Barack Obama will be our President for the next four years. You could hear the collective sigh of relief from Americans who dreaded a Romney victory. For many of us, however, an Obama victory was a sure thing, simply because he was the better candidate for the country.
But this victory comes with a price. Obama has no George Bush to blame this time. He will have to deliver on the economy and heal a nation that has probably never been this polarized. He has indicated that he is not interested in leaving a legacy, that his only goal is to do what's best for America and then exit the stage. But it is far easier said than one. The next four years will test Obama like he has never been tested before. If "Great things are done when men and mountains meet," Obama will have to be meet and conquer the many mountains that await him.
Something is terribly wrong with America now. The gap between the affluent 1% and the remaining 99% is deeper and wider than the Grand Canyon. Education is on the ropes. Those who contribute most to keep our nation humane are rewarded the least for their efforts. Our values are awry. We fritter our creative energies away pursuing the trivial and the insignificant. Even Silicon Valley's innovations empower the affluent and the powerful far more than they empower those who need it most. Equality has become an empty word and justice a dream.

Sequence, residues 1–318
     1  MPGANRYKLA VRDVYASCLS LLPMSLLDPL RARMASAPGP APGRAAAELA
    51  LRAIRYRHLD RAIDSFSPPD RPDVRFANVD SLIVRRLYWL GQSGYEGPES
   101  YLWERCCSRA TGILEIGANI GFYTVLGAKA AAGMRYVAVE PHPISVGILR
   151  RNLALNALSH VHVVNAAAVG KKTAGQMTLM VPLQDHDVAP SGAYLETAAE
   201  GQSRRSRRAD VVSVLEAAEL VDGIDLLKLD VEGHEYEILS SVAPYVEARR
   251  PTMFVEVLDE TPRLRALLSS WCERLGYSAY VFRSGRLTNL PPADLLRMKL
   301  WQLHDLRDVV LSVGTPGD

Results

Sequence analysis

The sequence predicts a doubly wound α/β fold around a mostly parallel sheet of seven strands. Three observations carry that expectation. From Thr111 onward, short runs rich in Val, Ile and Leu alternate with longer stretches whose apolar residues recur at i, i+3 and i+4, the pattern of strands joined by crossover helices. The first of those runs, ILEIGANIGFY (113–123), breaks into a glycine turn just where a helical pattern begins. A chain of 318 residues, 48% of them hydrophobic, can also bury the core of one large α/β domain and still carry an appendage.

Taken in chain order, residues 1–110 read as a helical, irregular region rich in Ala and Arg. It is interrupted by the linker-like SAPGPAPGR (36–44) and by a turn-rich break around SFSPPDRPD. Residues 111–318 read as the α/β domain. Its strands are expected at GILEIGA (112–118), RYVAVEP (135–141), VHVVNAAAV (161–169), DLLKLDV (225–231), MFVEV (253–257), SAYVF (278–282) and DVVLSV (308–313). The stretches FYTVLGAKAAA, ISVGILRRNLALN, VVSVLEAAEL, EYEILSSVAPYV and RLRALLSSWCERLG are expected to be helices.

President Obama has to work to set things right. He should reduce his oratory and direct his energy to making fundamental changes in the way we distribute wealth among the citizenry. He has to curb the bottomless greed of the bankers and the Wall Street executives. He has to make education a priority by putting in place metrics that measure authentic learning and creativity in our classrooms. He needs to reach out to the Republicans but not at the expense of his vision or agenda. If the Republicans reject his overtures, he has to take his case directly to the American people and move on.
Mitt Romney has a role to play as well. By conceding graciously and uniting with the president to focus on common goals for the country, he can redeem himself and his party. At the very least, he can contribute by not engaging in negative attacks on the president. He can become a better person by accepting the tough lessons of the campaign and by helping to temper the extremist elements of the his party.
Tomorrow will indeed be another day for the 44th President of the United States. And, we hope, a better one for the majority, since it will be impossible to satisfy all.